So we rode the rally, some made it, more didn’t, make it to the end. You stagger in to Dacre community center like a war ravished soldier. That knot you were carrying for the last week got raddled out of you from the last 800km’s trail. Did I mention wow that was long. Man you’ll be tired. 3 hrs sleep Friday 5 hrs on Thursday. 800km of off road riding, less than perfect sleeping conditions. And if your tent leaks even better. Thank god the food was pretty good and ample. What happens if you eat too much and get on a paint can shaker? <o></o>
I hope this gives more than an idea about your day, When you go to Paris and ride to Dacre “Off Road”…<o></o>
Oh ya were going, I have to find 8 minutes……
You should find a team or put one together. Do you have a GPS? For experienced trail riders who are used to arrowed routes, the GPS thing can be a bit of a learning curve.
RallyConnex put on a free GPS clinic at Parker Brothers every spring. They might be doing it again this spring. Anyone who runs the P2D will have an advantage if they know how RC setup GPS routes. You can lose so much time by not reading the route correctly and ending up off course.
Nice write up! I liked the snare drum bit. I know it's not a race, not a competition, but you get in that mindset anyway and get wound up tight.
So did you ever figure out where to find the 8 minutes? Faster gas stops? Riding harder? Fewer breaks?
I could find 8 minutes anywhere in my day, one less smoke break, rest while driving not standing beside the bike, less energy drinks or more drinks... not sure about that one. One of our guys dumped it at 6 am. that took 60+ minutes to help him out as he broke a small bone in his foot. He made it to check point one!!
As you stand waiting for your turn to go and you see the green flag go up. tell yourself "this is not a race, this is not a race"
thanks Shipwreck, that's the best 8min I've had reading in a long while!!! can I be on your team If I promise to only stop 50 times in the day?!!! After all, riding with that shit eating grin :grin all day is sure to attract bugs and we all know it can take a while to pick them out from the teeth every 30min! :lol :lol
awesome write up man!!!
you forgot to mention the five 950's passing everyone like they were stopped, while whispering "it's not a race.....it's not a race"
Hmmm!! Reality check!!!
You didn't pass everyone now did you??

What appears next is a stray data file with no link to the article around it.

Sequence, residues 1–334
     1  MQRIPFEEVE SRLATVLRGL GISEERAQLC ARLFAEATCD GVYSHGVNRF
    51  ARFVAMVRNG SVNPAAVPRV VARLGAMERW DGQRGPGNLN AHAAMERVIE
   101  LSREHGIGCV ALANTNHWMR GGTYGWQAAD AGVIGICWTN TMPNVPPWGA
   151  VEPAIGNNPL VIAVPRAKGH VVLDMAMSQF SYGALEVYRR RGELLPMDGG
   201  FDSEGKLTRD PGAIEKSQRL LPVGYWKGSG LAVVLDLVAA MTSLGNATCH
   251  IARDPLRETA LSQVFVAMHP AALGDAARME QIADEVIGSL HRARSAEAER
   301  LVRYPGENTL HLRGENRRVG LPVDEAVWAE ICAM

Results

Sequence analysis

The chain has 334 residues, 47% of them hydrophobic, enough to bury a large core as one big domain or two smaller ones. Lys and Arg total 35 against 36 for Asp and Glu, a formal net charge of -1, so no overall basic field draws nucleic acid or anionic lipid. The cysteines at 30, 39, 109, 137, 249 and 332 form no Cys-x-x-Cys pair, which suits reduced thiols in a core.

Someone got in front of you to take this picture!
That was 2006, we swept the event that year, everyone was in front.
So having organised and having participated, having been there from the start, what's the big secret to finishing?
And ...... what IS the best bike for this ?
Ah, that pic of Ed and I. What memories!
Two years organising, one year riding in "Orange Krush". The only thing I can say is that I HATE FOG and fog with dust suspended in it is worse still!
Ed can lead in the fog again anytime!
I appreciate who passed who during the beginning of the rally. But dosen't it matter more what the end result was. Didn't most everyone pass you guys eventually? I think so
I'm not sure there is the "perfect" bike for this event. Someone who is 145lbs and 5'8" has a different perspective than a 225lb 6'4" rider. Someone who has done 25+ years of various dirt riding has a different style than a rider with 2-3 years of experience. However a newbie rider with tons of talent might do better than the experienced old dog with a beer belly.
As you hear over and over again, it's not a Race. Getting to the end takes determination, skill, luck and good planing.
As far as the bike, in my mind it needs..
* to do 250km's before needing fuel - this saves you valuable time
* to do more than 100km/h without blowing it's head off - this allows you to make time on the easier sections
* to be light enough to be picked up when dropped, over and over again in the slick, rutted sections
* to be nimble enough to allow you to paddle in the deep sections, carefully traverse the deep water sections, possible stop on a steep rocky section and get going again
* has an excellent headlight for the dark, foggy, misty start at 4am till sunrise
* has the best DOT knobbies you can get - make sure they are "fresh"
I'd say there are many bikes between 250-690cc's that meet these requirements.
A question for the organizers...last one was from what I hear REALLY wet and was in July....this one is scheduled for June.....same track with the potential to be even wetter? Why not August when things have dried up? Just curious, thanks.